Wednesday, March 03, 2010
"Flight 7845 to Little Jimmy in the Tower ... Clearance for Takeoff?'
[UPDATE, March 5 -- See below, with comments and reply]
Gawd almighty, I do not know which is worse in terms of regularly making idiots of themselves -- the TSA or the FAA.
Today the FAA pulls out front, with reports that the grade-school-age son of an air traffic controller was allowed to issue five separate tower-to-cockpit verbal transmissions to pilots preparing to take off at Kennedy airport.
Here is a link to the audio.
[UPDATE: And oh, man, note in that link that a second child has now turned up playing air-traffic controller in the JFK tower.]
Hey, some fun we're havin!
The FAA calls the incident a "lapse in judgment" and has suspended the controller and a supervisor.
Some controllers are unhappy, believing that an innocuous situation has been blown out of proportion, and that the kid was not creating a safety hazard because he was merely repeating what his father told him to say. But the National Air Traffic Controllers Association said, a little weakly if you ask me: "It is not indicative of the highest professional standards that controllers set for themselves and exceed each and everyday in the advancement of aviation safety."
Why is this worth noting? Well, just consider: If this were pilots screwing around on the cockpit radio during departure it would be literally a federal case. And I know a little something personally about the profound consequences of laxity and poor supervision in air traffic control -- though thankfully not in the U.S., where our air traffic control system is the finest in the world.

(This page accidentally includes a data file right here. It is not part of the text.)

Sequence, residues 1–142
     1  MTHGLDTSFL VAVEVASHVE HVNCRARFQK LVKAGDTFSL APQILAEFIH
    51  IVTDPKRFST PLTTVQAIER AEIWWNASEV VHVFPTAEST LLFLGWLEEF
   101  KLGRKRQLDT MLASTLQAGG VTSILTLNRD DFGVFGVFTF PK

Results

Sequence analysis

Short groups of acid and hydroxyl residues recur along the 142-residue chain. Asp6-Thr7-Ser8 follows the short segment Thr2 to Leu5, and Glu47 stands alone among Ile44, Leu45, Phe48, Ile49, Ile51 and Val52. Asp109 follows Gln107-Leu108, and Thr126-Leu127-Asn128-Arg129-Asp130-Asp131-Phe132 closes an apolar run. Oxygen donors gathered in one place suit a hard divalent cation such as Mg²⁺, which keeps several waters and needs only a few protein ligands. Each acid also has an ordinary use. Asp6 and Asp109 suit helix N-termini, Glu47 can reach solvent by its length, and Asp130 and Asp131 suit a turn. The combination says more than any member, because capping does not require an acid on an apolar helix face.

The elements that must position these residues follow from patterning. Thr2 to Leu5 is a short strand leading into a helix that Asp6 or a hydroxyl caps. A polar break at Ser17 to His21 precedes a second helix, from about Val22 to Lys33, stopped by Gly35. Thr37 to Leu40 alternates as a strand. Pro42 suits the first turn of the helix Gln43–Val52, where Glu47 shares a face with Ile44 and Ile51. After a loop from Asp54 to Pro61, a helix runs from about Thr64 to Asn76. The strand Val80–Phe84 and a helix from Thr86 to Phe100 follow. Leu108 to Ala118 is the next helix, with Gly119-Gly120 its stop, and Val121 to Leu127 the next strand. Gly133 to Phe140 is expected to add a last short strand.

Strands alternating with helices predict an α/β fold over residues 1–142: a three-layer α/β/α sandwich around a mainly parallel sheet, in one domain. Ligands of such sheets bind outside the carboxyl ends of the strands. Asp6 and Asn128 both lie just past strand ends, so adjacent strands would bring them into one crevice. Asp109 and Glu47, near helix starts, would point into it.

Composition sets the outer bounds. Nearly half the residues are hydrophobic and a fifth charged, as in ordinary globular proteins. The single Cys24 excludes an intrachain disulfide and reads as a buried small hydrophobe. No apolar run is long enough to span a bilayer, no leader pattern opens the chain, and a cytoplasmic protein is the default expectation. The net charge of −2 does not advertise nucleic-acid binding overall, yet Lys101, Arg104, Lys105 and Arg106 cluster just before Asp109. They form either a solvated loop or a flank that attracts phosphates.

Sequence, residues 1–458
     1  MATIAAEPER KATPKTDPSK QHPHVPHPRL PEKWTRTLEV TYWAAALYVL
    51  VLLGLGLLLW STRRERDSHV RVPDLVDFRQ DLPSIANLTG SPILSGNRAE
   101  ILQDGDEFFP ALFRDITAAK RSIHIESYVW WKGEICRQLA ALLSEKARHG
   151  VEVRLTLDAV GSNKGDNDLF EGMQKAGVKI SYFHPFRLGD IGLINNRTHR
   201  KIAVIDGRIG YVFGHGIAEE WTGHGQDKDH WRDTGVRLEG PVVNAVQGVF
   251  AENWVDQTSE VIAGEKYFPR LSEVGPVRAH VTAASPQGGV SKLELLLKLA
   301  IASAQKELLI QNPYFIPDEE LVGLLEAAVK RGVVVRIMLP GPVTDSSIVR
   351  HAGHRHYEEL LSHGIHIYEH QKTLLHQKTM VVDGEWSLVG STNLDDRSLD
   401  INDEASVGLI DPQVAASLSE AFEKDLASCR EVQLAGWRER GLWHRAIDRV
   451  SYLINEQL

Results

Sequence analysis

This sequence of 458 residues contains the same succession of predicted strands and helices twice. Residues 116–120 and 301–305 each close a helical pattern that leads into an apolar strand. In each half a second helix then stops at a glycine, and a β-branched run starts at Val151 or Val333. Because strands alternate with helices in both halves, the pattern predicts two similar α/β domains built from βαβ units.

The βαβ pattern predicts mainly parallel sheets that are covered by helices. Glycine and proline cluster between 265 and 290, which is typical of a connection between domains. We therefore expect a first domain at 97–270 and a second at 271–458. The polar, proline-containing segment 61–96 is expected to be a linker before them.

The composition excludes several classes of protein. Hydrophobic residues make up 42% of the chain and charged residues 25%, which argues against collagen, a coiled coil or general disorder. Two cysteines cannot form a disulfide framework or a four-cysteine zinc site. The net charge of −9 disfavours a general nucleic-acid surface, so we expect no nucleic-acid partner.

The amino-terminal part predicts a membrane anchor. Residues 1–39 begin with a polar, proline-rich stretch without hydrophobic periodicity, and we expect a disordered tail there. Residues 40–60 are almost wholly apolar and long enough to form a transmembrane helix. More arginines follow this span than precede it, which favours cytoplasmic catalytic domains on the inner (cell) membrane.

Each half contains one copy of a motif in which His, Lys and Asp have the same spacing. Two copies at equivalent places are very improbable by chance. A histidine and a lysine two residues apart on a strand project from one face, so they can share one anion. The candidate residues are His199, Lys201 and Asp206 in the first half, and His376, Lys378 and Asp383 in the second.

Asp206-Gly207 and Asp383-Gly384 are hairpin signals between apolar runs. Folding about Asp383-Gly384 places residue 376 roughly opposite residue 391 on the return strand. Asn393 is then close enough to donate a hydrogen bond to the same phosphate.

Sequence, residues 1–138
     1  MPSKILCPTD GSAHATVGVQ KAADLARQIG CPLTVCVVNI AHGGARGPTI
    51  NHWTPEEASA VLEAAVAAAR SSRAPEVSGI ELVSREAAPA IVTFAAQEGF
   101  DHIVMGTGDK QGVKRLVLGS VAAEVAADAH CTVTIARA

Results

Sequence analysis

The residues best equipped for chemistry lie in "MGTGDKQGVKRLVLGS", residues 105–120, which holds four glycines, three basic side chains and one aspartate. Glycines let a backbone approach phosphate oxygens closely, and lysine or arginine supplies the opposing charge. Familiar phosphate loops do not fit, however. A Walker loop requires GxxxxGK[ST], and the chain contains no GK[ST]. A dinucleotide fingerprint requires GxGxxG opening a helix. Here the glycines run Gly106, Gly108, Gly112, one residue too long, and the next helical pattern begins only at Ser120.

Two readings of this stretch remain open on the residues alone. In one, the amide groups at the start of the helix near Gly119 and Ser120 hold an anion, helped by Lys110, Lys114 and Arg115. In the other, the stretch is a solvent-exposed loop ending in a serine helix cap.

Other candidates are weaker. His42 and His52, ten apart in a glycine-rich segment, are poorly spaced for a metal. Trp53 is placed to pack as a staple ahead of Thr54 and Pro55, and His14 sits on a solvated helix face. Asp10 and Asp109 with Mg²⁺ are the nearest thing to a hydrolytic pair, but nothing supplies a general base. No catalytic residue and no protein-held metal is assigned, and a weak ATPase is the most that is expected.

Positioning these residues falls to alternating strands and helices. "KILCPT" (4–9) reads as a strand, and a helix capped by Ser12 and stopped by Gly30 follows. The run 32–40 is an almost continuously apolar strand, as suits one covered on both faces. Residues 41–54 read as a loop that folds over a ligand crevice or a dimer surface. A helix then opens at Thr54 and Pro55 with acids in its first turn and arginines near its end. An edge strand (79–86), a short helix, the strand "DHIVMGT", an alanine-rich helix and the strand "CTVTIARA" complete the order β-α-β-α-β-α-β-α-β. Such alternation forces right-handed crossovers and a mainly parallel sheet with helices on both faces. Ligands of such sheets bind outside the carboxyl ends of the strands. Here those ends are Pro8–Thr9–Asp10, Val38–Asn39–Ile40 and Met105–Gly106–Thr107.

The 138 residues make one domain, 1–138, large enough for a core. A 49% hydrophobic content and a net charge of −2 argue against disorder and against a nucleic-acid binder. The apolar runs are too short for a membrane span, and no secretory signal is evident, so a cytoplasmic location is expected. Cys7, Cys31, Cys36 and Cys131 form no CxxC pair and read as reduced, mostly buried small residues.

One aviation buff quoted in the MSNBC story insisted, "It was a controlled situation."
UPDATE, March 5 -- To the comments below, from sensible and courteous readers who seem to be knowledgable about air-traffic control, I will say only this:
I am obviously especially sensitive to laxity in air-traffic control because I (barely) survived a mid-air collision over the Amazon in 2006 that was caused (as the National Transportation Safety Board found) by laxity, poor supervision and systemic problems in Brazilian air-traffic control. The other plane involved in that disaster crashed in the jungle, with 154 killed. Other factors may have contributed to the accident, but the central role of air-traffic control was crucial, and the laxity in training and supervision is not in dispute. Ask any pilot who flies the Amazon skies -- though by many accounts Brazilian air traffic control has improved steadily since the disaster.
American air-traffic control is the world's best. But there are problems in the towers. In 1981, Ronald Reagan fired 13,000 striking air traffic controllers, and their replacements are now at or near retirement age. Staffing in towers is at critical levels. In some towers, as many as half of the controllers on duty are trainees.
This is no time to be screwing around, letting kids play with the active tower-to-cockpit communications. Kids should not be in the towers in the first place.
It's a matter of professionalism. And as I said, if pilots were screwing around with communications during departure operations, it would be literally -- literally -- a federal case.